I love California, but it is truly one of the worst places in the United States to ship ecommerce parcels from to the rest of the country.
It all comes down to location, location, location. While California has great weather, it’s far from where the majority of the US population lives, and therefore shipping items from California results in much greater emissions, transportation costs and transit times.
In fact, if you were to move your distribution center from Southern California to Atlanta or Chicago, you would reduce your average shipping distance by about 40%, or from about 1,500 miles as the bird flies to about 900 miles as the bird flies to the majority of the US population.
If you begin shipping out of two distribution centers, e.g. in Atlanta and Las Vegas, your average distance drops by 65%, meaning you can:
– Reduce CO2 by 50% and more
– Reach 90% of Americans within two days
– Cut shipping costs by up to 40%
EMISSIONS: Cut CO2e by over 50%!
Each 1% reduction in mileage = a 1% reduction in emissions, so a 65% reduction in mileage equals a 65% reduction in emissions.
You still most likely have to get your items from the California ports to these inland locations, but in most cases, you can ship items in bulk mostly via train, which is 90% less polluting than trucks. In addition, you eliminate the emissions associated with shipping the additional packaging required for individual ecommerce shipments.
End result, shipping from Las Vegas and Atlanta instead of Los Angeles for example, can reduce CO2e emissions by over 50%!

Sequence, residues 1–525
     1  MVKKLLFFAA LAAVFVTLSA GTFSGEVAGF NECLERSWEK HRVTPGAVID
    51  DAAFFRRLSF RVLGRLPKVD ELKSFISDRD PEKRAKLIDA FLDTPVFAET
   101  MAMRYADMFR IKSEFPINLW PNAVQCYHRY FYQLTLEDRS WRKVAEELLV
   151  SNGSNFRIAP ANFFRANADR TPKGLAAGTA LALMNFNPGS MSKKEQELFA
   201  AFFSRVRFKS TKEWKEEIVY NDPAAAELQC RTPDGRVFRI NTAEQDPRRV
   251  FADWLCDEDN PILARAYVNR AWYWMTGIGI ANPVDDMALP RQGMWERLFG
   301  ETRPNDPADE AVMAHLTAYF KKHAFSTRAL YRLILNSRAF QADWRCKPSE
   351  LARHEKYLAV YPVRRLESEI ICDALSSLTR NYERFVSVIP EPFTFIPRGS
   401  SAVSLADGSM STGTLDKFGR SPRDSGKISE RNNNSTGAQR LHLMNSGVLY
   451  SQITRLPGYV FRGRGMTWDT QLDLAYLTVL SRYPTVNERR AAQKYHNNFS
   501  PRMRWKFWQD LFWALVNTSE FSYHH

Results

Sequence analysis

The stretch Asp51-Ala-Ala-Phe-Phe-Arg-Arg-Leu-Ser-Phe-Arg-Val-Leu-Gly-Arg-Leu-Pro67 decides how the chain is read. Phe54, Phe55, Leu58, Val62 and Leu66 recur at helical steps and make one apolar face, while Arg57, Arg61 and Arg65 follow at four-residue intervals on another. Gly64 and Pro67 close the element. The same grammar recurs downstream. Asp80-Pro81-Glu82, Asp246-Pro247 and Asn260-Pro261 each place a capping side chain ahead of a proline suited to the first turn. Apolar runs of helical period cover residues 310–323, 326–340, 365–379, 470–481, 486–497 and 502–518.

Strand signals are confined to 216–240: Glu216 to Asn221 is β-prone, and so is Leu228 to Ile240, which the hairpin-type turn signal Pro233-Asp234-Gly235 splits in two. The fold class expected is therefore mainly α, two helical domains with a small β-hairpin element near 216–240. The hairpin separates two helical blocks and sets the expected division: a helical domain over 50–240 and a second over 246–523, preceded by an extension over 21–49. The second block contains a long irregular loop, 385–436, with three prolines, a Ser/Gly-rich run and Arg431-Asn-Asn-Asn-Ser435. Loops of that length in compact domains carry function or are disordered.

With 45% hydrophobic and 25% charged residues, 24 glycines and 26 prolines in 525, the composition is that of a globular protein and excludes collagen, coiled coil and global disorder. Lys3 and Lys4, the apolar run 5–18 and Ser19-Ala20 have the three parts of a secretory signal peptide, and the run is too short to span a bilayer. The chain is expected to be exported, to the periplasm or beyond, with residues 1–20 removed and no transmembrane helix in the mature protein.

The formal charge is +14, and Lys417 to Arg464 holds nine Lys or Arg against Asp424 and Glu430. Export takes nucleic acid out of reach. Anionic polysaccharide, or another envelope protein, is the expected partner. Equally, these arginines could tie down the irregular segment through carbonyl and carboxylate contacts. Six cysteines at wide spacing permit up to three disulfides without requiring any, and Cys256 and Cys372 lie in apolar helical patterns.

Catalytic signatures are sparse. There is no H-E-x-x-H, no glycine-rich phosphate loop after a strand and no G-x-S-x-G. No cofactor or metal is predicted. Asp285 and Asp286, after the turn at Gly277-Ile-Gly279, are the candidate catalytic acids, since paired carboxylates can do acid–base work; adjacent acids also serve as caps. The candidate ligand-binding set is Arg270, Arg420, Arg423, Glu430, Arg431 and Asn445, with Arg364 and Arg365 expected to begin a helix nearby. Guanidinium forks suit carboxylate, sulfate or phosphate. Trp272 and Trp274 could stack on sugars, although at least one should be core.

I’m using California as an example, but any time you can shorten your supply chain, the better off you are
COSTS: Cut shipping costs by about 20%!
The average distance to the majority of the US population is longer than just about anywhere else in the continental United States, which means on average you’ll pay between 10% to 50% or more per shipment versus shipping from a more centralized location, or versus shipping from two or more distribution centers.
For US intercontinental shipments, UPS and FedEx use distance to determine which one of 8 zones a shipment falls into, with the smallest zones being cheaper than the larger zones.
For example, the top zone based on percent of population when shipping from:
– Southern California = Zone 8 @38% US pop
– Chicago = Zone 5 @37% US pop
– Atlanta & Las Vegas combined = Zone 4 @ 40% US pop
The net result is that the most common price you would pay for a 10-pound item based on FedEx Ground published pricing would be:
- Southern California = $20.84
- Chicago = $16.28 or 28% cheaper than from So Cal
- Atlanta & Las Vegas combined = $14.91 or 40% cheaper than from So Cal
For heavier weight items, the cost differential is even greater, growing to a nearly 50% differential for a 45 pound item.
Now layer on the demand for faster shipping, which means using more express shipping, which is even more expensive for you and the environment.
The bottom line is that moving from a single distribution center in California to a more centrally located distribution center or to two or more well-placed warehouses results in significantly lower costs and emissions, especially as the weight of your shipments increase.
PERFORMANCE: Cut transit times in half!
From California, over 60% of your ground shipments will take four or more days. Essentially, almost everything east of Texas will take at least four days, and almost anything in New England will take five days to arrive.
On the flip side, if you ship from Atlanta and Las Vegas, you can deliver to over 90% of the United States population in two days or less.
In addition, if you ship from Southern California, in order to deliver faster, you’ll be tempted to use more express/air shipping, which results in anywhere between 6 and 60X more emissions per shipment, as well as increased costs.
BOTTOM LINE: California truly does suck for shipping nationally!
So if you love saving the environment and money while improving your sales and customer satisfaction, then find one or more centrally located distribution centers to ship from.
Just imagine, instead of paying extra to be green, you’ll be saving green and adding more green to your profits.